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Albert Mines Transcript


Dr. Randall Miller, Research Curator, Geology and Palaeontology, New Brunswick Museum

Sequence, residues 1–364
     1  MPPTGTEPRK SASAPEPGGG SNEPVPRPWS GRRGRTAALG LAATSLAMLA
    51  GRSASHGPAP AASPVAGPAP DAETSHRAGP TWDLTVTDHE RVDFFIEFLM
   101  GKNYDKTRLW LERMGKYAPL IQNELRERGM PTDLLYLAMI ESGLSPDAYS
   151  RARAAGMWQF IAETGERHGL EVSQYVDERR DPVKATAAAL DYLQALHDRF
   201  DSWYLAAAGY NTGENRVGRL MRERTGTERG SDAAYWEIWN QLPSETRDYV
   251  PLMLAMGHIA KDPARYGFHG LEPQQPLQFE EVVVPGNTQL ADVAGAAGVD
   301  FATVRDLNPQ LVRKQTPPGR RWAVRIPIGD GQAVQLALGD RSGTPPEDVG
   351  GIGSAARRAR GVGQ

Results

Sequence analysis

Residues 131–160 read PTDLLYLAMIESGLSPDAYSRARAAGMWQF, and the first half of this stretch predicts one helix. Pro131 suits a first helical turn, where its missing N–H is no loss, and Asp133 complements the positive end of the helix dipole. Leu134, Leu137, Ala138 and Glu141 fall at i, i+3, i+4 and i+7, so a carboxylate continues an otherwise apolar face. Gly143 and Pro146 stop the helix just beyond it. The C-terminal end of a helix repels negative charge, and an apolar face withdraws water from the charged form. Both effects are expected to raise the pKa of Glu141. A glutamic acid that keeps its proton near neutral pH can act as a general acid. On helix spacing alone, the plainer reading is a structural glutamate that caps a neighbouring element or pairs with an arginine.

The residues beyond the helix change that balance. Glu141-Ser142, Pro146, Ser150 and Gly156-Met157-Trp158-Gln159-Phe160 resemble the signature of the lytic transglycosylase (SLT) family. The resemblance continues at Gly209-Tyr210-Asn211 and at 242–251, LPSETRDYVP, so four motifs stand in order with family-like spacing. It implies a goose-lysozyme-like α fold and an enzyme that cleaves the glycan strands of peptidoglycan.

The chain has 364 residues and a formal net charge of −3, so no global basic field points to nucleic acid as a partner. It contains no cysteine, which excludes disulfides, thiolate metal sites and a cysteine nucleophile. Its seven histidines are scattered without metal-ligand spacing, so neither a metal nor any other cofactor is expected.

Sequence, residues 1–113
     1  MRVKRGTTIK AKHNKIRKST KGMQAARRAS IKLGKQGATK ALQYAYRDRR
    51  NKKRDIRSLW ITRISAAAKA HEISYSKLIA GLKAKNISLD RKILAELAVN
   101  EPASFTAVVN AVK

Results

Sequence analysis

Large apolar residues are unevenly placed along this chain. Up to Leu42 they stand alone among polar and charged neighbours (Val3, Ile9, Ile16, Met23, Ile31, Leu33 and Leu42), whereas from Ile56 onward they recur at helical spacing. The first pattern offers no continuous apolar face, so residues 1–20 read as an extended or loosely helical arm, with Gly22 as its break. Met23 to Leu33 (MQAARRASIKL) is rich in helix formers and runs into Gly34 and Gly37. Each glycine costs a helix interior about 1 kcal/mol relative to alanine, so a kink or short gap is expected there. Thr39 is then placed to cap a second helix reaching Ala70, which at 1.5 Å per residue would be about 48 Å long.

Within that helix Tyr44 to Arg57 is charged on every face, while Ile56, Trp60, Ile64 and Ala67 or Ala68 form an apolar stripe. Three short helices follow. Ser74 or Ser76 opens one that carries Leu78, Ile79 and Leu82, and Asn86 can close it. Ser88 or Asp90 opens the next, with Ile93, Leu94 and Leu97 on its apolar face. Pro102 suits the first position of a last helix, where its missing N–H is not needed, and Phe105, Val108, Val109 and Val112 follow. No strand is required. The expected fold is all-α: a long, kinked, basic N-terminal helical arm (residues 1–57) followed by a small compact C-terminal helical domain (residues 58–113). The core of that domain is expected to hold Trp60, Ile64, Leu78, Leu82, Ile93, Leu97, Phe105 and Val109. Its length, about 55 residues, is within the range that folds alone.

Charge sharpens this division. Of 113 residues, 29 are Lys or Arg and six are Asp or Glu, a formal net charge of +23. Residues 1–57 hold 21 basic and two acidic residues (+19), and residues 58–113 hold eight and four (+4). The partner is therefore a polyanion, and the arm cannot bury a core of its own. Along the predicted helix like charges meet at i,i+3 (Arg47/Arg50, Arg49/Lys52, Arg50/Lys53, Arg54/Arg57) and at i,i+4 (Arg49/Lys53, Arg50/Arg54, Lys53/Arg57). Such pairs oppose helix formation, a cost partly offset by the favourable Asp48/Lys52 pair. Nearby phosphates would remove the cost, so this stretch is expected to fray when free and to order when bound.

This is part of the headframe and processing structure at Albert Mines. This is about all that’s left of a community that was extremely busy in the late 1800s. It was here that they mined albertite. Albertite is a bitumen named after Albert County where it was found, and it was used in the production of kerosene. Abraham Gesner, the first Provincial Geologist in New Brunswick is often credited with developing a process to distill kerosene, he is often thought of as a founder of the modern petroleum industry.  Albert Mines has been famous for albertite but it’s also well known because of the fish fossils that have been found here in the shales. These are oil shales that were deposited at the bottom of a lake about 350 million years ago, and have produced some really interesting fossils, very few plants, but lots of fish. The fish are remains of palaeoniscid fish, these are early bony fish. In the Albert shale complete specimens of palaeoniscid fish have been found although they are pretty rare. It’s more common when you split open the shales to find fragments of fish, or quite often isolated scales that are in the coprolites.  It’s hard to imagine that foundations like this are all that left of a once busy community. If you look at some of the archival photographs of this place, there was a church here, a school, a mine managers house, a headframe that you can see in the picture, which is where I am probably sitting, and community buildings for the workers who lived here.